Em B
You have to see this through
There's no one here but you

F# A#m
I feel the rain coming down
F#7 B
It reminds me of who I used to be
Bm F#
But now that's nothing more
Then a memory

Don't go, to sleep and cry because tomorrow
If you let it it will swallow
You up and none of this will matter
Will matter anymore

I feel the rain coming down
It reminds me of who I used to be
But now that's nothing more
Than a memory

I feel the rain coming down
It reminds me of who I used to be
But now that's nothing more
Than a memory

Follow your heart and see where it might take you
Don't let the world outside there break you
They know not who you are inside
They have never felt your hell
Don't ever let them crack...
Your shell...

Friday, August 22, 2008

Sold My Wii

I'm now Wii-less. I bought a Nintendo Wii just after it came out (use if you still think the only way to get one is to drive to stores and ask. Sheesh.) I bought Excite Truck to go with it and played the heck out of that game and reached #5 on an online high-score tracking site (it's not built into the game). I liked Wii Sports a lot too, of course, especially bowling, but after Mum and Dad's visit a while ago, it just sat there. I'd bought the recent Zelda game too, but didn't enjoy it much. I think Nintendo took too long to get online games working -- they didn't even put online high scores into games, let alone internet play, until quite recently. In fact, it was the huge competitive boost I got by putting my Excite Truck scores into that pushed me towards buying an Xbox, who's games are more online than the Wii's.

I realized that the second hand market is still red-hot for the Wii and if I was going to sell it, sooner would be better than later. If I really want to get a Wii again I'm sure Nintendo will start building them in enough quantity that the used price will drop in a year or two.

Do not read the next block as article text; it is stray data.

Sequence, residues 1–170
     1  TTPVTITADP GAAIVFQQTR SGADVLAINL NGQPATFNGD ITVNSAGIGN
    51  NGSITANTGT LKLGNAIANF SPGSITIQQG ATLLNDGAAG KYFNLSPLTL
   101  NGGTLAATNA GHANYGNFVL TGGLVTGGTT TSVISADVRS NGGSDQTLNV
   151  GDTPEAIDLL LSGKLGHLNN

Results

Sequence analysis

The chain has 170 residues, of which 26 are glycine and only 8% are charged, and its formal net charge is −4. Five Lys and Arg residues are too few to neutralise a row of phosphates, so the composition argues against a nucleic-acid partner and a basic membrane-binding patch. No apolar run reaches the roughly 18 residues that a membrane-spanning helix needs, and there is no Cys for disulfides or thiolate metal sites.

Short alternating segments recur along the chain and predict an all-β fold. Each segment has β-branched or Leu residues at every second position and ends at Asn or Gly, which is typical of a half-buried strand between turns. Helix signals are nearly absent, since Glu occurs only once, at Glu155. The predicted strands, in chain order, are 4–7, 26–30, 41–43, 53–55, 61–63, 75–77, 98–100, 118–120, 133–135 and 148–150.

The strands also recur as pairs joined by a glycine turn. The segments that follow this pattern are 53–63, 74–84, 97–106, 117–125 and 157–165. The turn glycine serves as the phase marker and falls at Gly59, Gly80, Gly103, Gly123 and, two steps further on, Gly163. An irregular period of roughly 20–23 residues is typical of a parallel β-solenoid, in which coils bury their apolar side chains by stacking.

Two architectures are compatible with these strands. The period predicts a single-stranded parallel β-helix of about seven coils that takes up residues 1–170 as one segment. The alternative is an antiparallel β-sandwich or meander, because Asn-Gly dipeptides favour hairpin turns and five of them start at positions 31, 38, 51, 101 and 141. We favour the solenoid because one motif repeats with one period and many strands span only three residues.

So it's just the Xbox now, which is used mostly for playing videos off my PC. I have a big increase in my Space Giraffe highscore just around the corner, which I've been meaning to get back to for about a month. Oh, and I moved a record player into the living room too; make of that what you will :)
No More Prosper For Me

I've decided to stop investing at Maybe its the credit crunch and the general near-recession in the economy, but my borrowers are dropping like flies. If all my current lates don't start making payments soon, I'll be almost in negative returns. I'm still showing a 19% return, but that's only because most of my borrowers are still current and also doesn't sell the loans off as quickly as they used to. I think that's because they'd have a hard time selling them, so they just hang on and hope their collections agency will eventually convince the lates to start paying again. Not much hope of far my 7 hard-core lates have made half a payment between them. Yes, one of them made half a payment. Many of those 7 made either 1 payment or NONE before dropping out. One guy declared bankruptcy after just 2 payments.

Don't lend at; it's too hard to pick the winners.

I'm still *fairly* confident that I'll be able to start investing there again under two new conditions: the economy has to turn around and I should pick slightly less risky loans (yes, I went hell-for-leather on risk, I know). Also, avoid ANYONE involved in real estate.